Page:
It may be because people feel that insurance companies will basically short-change them, or because it feels like a relatively ‘victimless crime’, but the number of Danes caught trying to cheat when claiming compensation seems to be on the rise.
In just one year, the number of would-be swindlers has increased by 21 percent. However, this could also be because insurance companies are devoting more and more resources to investigate claims, reports TV2 Nyheder.
For example, Tryg has hired ex-police officers as part of its drive to combat fraud.
People have shown enormous creativity when it comes to trying to wheedle out undeserved compensation. One man cut his fingers off with a circular saw after having taken out policies with 16 different companies.
It can get even more extreme. “We also had a case in which a man laid down on the railway lines and had one of his legs amputated in order to get compensation,” said an ex-policeman working for Tryg who wished to remain anonymous.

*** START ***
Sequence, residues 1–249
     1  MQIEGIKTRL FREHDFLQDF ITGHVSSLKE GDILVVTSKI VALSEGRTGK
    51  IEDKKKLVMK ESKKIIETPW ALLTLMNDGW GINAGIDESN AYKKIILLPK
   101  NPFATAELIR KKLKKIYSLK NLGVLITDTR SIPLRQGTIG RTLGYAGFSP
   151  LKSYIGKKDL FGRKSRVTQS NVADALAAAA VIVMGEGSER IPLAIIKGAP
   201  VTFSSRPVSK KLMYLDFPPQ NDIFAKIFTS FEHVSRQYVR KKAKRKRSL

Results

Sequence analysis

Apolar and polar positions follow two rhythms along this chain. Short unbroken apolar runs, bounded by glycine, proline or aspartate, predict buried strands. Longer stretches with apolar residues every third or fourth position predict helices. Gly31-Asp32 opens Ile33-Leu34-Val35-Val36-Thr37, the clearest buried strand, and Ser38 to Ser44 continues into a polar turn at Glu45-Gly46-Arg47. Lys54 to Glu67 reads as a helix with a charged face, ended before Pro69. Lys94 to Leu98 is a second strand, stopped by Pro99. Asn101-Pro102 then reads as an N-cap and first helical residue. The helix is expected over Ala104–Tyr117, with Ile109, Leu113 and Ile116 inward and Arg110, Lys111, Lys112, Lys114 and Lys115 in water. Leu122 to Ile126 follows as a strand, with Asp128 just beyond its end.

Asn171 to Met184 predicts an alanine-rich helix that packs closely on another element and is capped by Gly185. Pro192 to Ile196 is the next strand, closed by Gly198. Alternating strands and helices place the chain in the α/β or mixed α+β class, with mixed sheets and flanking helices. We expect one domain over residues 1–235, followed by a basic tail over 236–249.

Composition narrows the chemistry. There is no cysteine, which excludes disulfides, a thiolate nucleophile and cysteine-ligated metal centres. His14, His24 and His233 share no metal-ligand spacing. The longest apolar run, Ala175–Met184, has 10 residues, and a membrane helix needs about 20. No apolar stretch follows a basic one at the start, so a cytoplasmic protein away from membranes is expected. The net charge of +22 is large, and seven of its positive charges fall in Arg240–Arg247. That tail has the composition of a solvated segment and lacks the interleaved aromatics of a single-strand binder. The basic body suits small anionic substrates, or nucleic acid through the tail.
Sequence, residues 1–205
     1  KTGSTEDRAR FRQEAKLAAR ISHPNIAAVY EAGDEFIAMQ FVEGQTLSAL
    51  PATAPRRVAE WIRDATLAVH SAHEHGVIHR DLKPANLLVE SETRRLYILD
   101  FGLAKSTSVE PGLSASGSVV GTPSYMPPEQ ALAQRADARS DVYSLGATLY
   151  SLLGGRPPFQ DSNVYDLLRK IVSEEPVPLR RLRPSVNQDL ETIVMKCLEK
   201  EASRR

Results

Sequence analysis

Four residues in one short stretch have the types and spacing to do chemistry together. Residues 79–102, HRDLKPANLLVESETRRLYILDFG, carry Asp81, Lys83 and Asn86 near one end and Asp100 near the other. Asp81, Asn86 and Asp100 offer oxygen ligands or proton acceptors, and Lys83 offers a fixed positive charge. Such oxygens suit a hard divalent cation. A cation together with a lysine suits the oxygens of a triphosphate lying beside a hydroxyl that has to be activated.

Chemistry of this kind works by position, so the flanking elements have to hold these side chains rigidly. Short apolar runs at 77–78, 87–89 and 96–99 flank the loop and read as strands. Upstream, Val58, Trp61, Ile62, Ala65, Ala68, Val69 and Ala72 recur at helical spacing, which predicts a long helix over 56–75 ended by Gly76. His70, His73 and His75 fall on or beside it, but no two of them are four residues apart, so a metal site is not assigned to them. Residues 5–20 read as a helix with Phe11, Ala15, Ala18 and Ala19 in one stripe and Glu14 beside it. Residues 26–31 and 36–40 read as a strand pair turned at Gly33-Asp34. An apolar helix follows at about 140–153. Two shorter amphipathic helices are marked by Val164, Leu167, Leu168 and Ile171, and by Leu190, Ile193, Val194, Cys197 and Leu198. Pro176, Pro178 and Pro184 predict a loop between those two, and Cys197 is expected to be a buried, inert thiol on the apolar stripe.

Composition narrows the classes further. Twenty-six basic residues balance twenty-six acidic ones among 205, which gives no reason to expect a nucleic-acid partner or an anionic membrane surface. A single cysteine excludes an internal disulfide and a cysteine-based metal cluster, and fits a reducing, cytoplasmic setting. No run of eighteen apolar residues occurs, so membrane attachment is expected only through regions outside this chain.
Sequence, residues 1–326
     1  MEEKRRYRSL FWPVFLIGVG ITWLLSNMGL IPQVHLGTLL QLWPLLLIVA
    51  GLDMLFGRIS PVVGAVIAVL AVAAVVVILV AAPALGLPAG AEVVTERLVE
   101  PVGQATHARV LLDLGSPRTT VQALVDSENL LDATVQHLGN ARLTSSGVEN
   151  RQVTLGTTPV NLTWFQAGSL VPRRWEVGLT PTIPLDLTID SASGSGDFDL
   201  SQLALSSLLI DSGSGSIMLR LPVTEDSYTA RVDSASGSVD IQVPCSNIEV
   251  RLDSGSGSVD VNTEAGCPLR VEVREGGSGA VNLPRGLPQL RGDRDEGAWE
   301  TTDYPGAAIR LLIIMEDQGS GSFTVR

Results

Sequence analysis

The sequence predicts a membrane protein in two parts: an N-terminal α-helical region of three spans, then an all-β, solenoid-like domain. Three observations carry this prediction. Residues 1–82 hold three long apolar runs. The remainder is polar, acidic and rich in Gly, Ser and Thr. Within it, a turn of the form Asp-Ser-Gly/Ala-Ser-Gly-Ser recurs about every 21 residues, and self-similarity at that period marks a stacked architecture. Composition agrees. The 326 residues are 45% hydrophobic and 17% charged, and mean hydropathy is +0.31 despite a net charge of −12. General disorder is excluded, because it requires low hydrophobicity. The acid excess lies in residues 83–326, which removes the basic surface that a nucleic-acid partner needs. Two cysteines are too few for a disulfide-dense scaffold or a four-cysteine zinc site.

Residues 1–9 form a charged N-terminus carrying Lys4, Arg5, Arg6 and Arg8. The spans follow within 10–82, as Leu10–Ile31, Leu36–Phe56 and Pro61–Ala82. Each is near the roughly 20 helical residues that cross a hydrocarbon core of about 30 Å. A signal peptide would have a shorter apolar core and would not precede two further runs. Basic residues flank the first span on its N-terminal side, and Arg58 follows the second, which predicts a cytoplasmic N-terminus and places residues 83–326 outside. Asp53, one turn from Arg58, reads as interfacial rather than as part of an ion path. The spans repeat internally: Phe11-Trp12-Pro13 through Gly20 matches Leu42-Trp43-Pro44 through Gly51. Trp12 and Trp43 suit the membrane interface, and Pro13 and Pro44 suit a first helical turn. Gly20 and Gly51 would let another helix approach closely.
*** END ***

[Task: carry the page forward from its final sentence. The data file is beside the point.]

“He’d taken out policies with a number of companies and stood to have 12 million kroner paid out if the fraud had not been detected. That shows what lengths some people will go to in order to claim compensation.”
In 2018, Tryg alone uncovered bogus claims totalling 120 million kroner – an increase of 70 percent compared to 2015.
High and low
The people involved in insurance fraud come from all walks of life and from all social classes.
“We see those who live in expensive villas in Hellerup adding 250,000 kroner to a claim for burglary, so it can be anyone from company directors to the homeless,” said the man from Tryg.
Amongst the most common types of fraud are reporting non-existent accidents, padding out the amount claimed after a burglary, bogus receipts, exaggerating the extent of personal injury or even self-mutilation, and lying about the value of items when taking out insurance.
An uphill struggle
Even though insurance companies detect many more frauds than they used to, Hans Reymann-Carlsen from the insurance and pension trade organisation Forsikring & Pension points out that it is still only the tip of the iceberg.
“International studies show that around 10 percent of the total amount paid out in compensation goes to swindlers – that would be around 4 billion kroner in Denmark,” he told Berlingske.